As a University of Colorado graduate, huge Buffs fan (which has been a little masochistic in recent years) and active participant in alumni organizations, I always feel like a bit of a traitor heading up to Fort Collins — a holdover from the rivalry with Colorado State from my college days. But despite all attempts to convince myself otherwise, I have to admit begrudgingly that the downtown core of Fort Collins impresses me on each visit. One of the best part of a weekend trip to the city is a stop at the iconic Silver Grill Café, which lays claim to the title oldest restaurant in Northern Colorado and has been serving up tasty breakfast plates since 1933. So I will give credit where credit is due and admit my affection for this historic gem: Sometimes FoCo deserves a little love too — the restaurants, not the Rams.
According to the lore handed down by a series of owners over the decades, the Silver Grill got its name from a hungry painter who gussied up the front window in exchange for a pork chop. Current owner John Arnolfo has expanded the eatery five times during his tenure, converting neighboring buildings into more seating for the popular haunt. A huge history buff, he did everything he could to retain the vintage charm and commemorate all of the former businesses by maintaining their signage as wall art, naming rooms after them, and even going as far as detailing the former operations in a pamphlet that sits on each table, walking you through the history of the barbershops, shoe shines and cigar shops that once hawked their wares on the block. More than a restaurant, the Silver Grill a living time capsule in downtown Fort Collins, weaving the tales of its long history under the moniker, “If these walls could talk.”
Despite the many expansions of the dining room, the wait at the Silver Grill (open daily from 6:30 a.m to 2 p.m.) can be long. There are still more customers than seats on most mornings and waits can extend upward of an hour on weekends, when the Bloody Mary bar is offered. If you stick around to hover near the hostess stand, though, you just may be able to sneak into the first-come, first-served covered patio, available to any complete party. On my most recent visit, rain made the patio chilly, but the food came out fast to warm us up. Once we had a few drinks in our system, we forgot all about our goose bumps.
Oh that Bloody Bar.
The Silver Grill makes the lofty claim of offering the world’s best DIY Bloody Mary bar, something I would qualify by adding "outside of major cities," especially considering there's not a bottomless option. The staff keeps the bar meticulously restocked during service; they refilled the mixers at least five times during our meal. Choices include spicy habanero, citrus or bacon vodka and a few different tomato bases, some chunkier and hotter than others. Add-ins include pickle juice, lime juice, A1 steak sauce, horseradish, sun-dried tomatoes in vinegar, pickled veggies, blue cheese-stuffed olives, hot sauces galore, and what appeared to be the entire spice rack from the shop next door.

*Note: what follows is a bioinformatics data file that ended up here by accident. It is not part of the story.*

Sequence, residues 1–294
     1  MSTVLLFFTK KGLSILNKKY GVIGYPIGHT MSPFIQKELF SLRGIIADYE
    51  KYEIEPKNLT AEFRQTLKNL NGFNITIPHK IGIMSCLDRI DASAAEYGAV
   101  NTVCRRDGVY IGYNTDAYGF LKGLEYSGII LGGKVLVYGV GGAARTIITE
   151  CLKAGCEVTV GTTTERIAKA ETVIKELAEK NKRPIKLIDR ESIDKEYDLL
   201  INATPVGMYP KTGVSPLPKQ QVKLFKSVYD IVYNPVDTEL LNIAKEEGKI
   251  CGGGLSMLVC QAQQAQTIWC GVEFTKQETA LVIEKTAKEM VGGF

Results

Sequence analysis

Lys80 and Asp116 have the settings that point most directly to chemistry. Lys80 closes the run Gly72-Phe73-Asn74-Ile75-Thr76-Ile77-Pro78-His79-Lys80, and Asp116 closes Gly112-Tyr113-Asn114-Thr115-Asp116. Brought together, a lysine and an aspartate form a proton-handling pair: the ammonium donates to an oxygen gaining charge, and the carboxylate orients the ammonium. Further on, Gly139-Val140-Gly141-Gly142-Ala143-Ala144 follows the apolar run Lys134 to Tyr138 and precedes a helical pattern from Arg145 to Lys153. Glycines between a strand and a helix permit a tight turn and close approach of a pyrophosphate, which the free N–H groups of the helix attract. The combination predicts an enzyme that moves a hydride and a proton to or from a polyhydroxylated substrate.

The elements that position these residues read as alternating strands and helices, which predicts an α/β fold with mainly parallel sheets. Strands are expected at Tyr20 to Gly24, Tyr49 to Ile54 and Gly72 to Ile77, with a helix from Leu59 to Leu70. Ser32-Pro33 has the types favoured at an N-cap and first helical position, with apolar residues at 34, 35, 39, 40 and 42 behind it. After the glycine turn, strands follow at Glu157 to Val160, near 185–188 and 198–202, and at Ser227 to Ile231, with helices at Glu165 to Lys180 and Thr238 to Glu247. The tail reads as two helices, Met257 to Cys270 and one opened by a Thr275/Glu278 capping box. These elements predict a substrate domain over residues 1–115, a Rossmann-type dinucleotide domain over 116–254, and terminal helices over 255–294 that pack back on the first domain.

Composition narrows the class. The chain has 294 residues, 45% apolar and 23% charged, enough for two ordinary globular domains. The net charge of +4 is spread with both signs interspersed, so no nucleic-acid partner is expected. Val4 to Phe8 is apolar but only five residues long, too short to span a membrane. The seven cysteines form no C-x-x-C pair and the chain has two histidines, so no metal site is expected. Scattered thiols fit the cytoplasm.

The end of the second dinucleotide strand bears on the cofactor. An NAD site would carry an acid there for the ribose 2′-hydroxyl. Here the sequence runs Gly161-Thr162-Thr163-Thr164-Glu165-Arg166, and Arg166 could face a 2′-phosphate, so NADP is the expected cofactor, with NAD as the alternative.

The mimosas, while also not bottomless, were made from fresh squeezed OJ and a number of fruit puree combinations; I went with the mango and strawberry, a tough call over the equally sweet and summery peach and raspberry.
An oddly shaped egg skillet.
The menu is overwhelming, with a full 4 or 5 pages of options in small print; there's an entire section dedicated to the eatery's cinnamon roll creations, from mini buns to cinnamon-roll French toast. All the choices made my head swim, so it was nice to note that most plates are available in half portions to make mixing and matching a little easier (or if you want to keep portions small to fill up on Bloody Mary garnishes).
I finally chose an order of fiesta hash browns, a skillet full of eggs, diced bacon, tomato, bell pepper, onion, cheddar, and Monterey Jack. Every surface of the skillet was caked in an obscene amount of broiled-on cheese, maybe the only time in my life I’ve been overwhelmed by dairy. I'm not a fan of peppers, so it was unfortunate that the kitchen pre-mixes the veggies for the weekend rush, leaving me to pick around the bits of green. My eggs came looking oddly square-shaped and a touch beyond over-medium, yet I managed to coax a little runny yolk out to mix with the cheese bomb, and it was still a plate of the homey goodness you’d expect from a plate of fried potatoes — diner food, plain and simple.
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Any missteps with the eggs were forgotten as soon as the gigantic, mouthwatering cinnamon rolls — the holy grail of all brunch desserts — were placed on our table. Arnolfo knew he had a gold mine with the recipe he developed in 1986; he started out baking just 18 rolls daily but now turns out more than 10,000 a month. It’s a good thing the Silver Grill is far enough away that visits are rare; those cinnamon rolls are too dangerous. There may be no love lost between the Rams and the Buffs, but I'll give Fort Collins my love for this brunch victory.